Investigating causal models of initial and continued participation in physical activity



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The pursuit of personal fitness is of primary interest in our country today. In reality, however, the positive benefits of exercise are not achieved because people lose momentum when it comes to actual participation. Current exercise patterns are well below the U.S. Public Health Services 1990 Objectives for the Nation which relate to physical fitness and exercise (U.S. Department of Health and Human Services, 1980). Typically, in work-site programs, approximately 30% or less of employees actually volunteer to join exercise programs. Even among those adults who do join programs, typical dropout rates are 50% after 6 months (Oldridge, 1984). Because the research to date has been pragmatic rather than theoretical in origin, there is little standardization in defining and assessing the determinants of participation in physical activity (Dishman, Sallis, & Orenstein, 1985). Until the behavioral determinants of participation are identified," intervention strategies to increase adherence are less likely to be effective due to our lack of understanding of the adherence process. This study was conducted during the first six months of operation of a Health and Fitness Center in a large corporation, and was designed to examine social, physical, and psychological factors influencing employee participation in the program. The primary objective was to develop causal models of initial and continued participation which would contribute to the understanding of variables affecting participation. A major portion of both models was based on Sonstroem's (1978) psychological model for physical activity. A second, more practical objective was to make suggestions to the Company Health and Fitness staff concerning strategies to increase adherence. Subjects used were 402 adult members of the Company Health and Fitness Program. One questionnaire, fitness files, and computer exercise logs over a six-month period were used to collect data. The questionnaire measured estimation of physical ability, attraction to physical activity, self-motivation, attitudinal commitment to physical activity, youth participation, social support, and perceived convenience of the Health and Fitness Center. Fitness files were used to obtain measures of physical ability and recent participation. Indicators of physical ability included cardiorespiratory fitness and percent body fat. Indicators of recent participation included the number of activities engaged in prior to joining the Health and Fitness Center for causal model one, and participation during the first month at the Health and Fitness Center for causal model two. Data measuring initial (month one) and continued (month six) participation were obtained from computer exercise logs at the Health and Fitness Center. A measure of initial participation was the number of dates in which each subject logged in exercise on the computer during month one. A measure of continued participation was the number of dates in which each subject logged in exercise during month six. [...]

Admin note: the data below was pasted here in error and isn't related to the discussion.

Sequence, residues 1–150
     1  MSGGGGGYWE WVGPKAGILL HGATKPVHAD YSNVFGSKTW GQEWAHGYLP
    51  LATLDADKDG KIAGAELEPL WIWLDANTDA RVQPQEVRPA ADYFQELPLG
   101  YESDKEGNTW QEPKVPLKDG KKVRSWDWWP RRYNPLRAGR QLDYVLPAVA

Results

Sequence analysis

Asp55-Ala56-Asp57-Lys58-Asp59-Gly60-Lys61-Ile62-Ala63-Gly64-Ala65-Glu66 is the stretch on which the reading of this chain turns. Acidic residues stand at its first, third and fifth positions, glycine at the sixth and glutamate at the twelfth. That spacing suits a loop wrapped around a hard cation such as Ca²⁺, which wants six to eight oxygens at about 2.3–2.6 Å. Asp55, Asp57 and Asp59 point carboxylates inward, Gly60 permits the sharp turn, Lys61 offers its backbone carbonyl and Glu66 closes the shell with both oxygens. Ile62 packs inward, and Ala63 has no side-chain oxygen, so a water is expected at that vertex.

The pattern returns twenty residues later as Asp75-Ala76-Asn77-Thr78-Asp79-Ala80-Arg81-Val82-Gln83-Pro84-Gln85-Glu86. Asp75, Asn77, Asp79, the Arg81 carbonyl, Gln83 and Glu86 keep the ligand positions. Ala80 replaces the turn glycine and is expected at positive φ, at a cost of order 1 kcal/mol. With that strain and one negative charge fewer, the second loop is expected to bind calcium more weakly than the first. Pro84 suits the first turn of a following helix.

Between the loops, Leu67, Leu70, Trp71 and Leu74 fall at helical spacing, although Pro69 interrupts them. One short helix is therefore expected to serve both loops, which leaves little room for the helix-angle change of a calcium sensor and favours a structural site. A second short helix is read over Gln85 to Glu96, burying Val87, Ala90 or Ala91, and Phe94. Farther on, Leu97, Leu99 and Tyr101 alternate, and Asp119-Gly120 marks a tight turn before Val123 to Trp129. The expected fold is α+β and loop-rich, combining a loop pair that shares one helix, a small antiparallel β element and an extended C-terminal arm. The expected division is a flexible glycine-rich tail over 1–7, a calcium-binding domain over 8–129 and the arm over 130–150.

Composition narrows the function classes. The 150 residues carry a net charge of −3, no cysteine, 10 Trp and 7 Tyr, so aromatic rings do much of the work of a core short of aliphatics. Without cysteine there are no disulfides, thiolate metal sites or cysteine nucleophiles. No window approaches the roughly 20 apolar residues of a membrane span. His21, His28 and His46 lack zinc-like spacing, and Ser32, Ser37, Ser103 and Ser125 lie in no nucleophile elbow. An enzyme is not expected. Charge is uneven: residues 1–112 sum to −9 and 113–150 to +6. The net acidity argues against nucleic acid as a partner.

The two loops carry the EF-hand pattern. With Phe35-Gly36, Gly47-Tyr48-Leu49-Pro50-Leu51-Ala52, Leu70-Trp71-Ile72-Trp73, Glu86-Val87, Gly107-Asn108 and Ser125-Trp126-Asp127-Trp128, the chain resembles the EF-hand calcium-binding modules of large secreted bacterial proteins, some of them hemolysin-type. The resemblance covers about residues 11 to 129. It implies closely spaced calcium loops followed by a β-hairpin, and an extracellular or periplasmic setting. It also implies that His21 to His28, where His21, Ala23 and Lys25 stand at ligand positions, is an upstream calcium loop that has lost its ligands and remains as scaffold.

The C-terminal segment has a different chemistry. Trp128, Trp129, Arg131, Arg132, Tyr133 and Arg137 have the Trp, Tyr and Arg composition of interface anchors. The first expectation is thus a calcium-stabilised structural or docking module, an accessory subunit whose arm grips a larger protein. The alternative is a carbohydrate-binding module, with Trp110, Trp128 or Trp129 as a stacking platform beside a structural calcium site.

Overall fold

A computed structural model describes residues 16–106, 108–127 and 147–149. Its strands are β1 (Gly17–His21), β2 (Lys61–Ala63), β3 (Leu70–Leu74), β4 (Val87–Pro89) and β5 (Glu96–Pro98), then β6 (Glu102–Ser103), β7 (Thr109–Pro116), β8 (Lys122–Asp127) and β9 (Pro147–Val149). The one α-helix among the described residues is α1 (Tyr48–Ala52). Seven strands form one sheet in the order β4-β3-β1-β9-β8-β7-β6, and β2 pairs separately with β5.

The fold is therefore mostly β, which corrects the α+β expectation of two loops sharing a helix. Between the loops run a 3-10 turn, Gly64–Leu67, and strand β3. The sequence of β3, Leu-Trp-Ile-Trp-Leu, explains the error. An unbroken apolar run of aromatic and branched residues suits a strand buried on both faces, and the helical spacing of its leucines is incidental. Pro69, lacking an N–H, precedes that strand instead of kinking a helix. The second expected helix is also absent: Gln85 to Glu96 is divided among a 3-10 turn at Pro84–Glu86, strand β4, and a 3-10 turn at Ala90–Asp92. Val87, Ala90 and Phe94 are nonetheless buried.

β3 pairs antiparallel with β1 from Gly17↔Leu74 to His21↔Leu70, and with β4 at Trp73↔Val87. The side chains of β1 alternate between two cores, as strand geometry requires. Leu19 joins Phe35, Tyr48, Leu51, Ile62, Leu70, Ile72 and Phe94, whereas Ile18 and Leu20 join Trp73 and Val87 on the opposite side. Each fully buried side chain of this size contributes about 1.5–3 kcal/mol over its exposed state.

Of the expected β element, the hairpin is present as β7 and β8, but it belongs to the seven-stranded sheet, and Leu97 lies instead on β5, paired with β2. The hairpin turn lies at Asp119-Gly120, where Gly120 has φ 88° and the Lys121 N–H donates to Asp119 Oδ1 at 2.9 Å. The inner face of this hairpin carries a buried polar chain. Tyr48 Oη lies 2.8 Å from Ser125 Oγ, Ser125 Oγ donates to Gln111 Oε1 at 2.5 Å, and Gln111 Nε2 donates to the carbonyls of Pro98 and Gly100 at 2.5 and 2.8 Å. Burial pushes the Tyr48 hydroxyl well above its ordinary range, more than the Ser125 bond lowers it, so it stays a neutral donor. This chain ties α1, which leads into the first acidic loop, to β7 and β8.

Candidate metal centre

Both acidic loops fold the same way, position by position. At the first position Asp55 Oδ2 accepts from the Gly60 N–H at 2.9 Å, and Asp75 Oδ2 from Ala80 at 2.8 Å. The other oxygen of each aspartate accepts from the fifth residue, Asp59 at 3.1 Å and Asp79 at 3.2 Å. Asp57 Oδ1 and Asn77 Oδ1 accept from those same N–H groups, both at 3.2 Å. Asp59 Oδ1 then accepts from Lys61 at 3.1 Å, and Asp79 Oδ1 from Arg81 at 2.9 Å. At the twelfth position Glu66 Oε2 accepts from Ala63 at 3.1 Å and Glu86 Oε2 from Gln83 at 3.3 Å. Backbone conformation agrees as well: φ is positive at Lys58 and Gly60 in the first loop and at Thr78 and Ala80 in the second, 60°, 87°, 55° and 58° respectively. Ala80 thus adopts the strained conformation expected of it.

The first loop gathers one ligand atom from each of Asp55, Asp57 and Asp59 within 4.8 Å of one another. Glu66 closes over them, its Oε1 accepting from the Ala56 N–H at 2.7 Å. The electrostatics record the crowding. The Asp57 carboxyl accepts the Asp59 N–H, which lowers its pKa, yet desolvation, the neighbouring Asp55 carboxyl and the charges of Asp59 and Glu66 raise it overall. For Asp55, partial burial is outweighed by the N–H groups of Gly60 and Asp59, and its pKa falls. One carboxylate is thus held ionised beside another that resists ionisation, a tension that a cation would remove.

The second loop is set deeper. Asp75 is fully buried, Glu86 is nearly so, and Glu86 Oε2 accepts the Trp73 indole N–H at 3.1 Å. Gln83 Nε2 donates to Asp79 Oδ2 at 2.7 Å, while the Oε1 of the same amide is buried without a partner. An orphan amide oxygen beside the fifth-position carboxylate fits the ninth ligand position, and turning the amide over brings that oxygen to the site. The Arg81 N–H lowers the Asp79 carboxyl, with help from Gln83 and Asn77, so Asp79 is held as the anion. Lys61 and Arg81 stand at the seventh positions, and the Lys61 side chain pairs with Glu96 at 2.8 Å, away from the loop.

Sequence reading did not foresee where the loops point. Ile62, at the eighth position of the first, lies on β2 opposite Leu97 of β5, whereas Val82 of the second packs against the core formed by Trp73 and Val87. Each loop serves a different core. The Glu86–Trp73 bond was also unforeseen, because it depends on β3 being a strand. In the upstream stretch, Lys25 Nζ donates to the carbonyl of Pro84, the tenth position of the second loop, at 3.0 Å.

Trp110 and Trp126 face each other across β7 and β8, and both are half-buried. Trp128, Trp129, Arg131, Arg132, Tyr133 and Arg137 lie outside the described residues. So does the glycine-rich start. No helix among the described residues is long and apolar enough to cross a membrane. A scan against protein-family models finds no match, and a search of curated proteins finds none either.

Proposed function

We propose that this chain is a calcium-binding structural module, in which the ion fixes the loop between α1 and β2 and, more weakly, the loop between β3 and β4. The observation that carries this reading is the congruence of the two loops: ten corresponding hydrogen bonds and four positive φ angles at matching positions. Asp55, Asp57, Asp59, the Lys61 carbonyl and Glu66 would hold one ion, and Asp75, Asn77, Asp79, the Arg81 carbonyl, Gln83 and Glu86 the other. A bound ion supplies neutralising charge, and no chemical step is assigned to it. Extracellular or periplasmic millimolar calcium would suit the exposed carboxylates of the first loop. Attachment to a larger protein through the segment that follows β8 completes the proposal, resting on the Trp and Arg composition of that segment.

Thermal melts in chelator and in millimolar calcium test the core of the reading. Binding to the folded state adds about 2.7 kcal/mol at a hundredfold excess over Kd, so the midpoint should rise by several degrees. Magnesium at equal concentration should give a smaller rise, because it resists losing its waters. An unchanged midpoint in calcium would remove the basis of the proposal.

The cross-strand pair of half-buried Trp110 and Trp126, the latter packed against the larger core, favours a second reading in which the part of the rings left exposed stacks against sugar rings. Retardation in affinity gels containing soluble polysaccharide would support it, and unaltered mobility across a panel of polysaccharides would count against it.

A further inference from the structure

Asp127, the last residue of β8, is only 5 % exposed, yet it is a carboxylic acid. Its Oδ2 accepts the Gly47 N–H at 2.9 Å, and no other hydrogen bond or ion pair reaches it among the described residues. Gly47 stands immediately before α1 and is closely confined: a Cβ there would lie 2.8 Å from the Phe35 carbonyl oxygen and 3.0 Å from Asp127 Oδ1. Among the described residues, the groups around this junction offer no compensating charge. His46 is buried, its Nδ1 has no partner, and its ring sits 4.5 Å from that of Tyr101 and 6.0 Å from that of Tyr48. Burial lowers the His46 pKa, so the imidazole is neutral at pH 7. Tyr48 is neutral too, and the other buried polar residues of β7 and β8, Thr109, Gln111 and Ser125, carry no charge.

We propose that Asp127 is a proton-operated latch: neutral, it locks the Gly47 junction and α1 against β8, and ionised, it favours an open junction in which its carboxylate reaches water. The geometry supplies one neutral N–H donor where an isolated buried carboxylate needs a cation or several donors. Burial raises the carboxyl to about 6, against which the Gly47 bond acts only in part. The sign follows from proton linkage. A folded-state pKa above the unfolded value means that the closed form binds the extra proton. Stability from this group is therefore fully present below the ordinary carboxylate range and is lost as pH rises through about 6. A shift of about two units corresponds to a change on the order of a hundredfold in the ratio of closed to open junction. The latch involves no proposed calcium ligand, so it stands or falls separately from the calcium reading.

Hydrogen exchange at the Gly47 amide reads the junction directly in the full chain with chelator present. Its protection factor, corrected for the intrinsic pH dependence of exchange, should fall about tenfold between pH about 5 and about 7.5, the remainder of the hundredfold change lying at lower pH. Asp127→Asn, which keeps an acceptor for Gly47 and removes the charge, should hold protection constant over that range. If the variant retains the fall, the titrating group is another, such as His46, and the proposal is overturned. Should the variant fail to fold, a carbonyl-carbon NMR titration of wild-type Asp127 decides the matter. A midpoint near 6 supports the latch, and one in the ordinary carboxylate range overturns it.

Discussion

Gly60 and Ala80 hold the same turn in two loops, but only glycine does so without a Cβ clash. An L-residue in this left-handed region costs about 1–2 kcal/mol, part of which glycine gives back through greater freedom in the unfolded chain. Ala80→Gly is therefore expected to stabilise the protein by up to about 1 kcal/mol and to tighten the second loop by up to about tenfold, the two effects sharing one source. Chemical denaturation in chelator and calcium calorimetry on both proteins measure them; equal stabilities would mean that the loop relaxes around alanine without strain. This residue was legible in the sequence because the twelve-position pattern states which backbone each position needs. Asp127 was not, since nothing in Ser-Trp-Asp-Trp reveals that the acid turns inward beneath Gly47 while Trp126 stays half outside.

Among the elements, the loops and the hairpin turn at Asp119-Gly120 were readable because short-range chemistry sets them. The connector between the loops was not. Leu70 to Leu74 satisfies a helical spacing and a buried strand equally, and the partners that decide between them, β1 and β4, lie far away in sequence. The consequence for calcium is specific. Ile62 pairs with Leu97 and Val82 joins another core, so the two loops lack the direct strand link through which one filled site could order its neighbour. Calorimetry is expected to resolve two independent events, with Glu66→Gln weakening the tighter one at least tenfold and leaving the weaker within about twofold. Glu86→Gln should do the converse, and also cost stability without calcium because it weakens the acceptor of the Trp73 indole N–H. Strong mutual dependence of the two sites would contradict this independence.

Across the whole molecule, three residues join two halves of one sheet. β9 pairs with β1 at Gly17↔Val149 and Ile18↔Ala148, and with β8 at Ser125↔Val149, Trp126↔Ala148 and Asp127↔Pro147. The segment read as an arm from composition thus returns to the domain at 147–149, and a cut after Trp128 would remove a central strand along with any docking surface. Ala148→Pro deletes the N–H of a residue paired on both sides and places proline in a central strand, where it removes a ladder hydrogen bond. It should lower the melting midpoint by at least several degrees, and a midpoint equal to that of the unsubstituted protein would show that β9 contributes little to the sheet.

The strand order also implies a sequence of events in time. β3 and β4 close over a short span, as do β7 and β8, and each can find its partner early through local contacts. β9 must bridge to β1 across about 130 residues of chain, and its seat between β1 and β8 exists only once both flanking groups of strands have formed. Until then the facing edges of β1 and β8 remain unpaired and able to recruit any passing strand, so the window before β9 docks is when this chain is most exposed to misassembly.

Physical fitness--United States, Exercise--Physiological aspects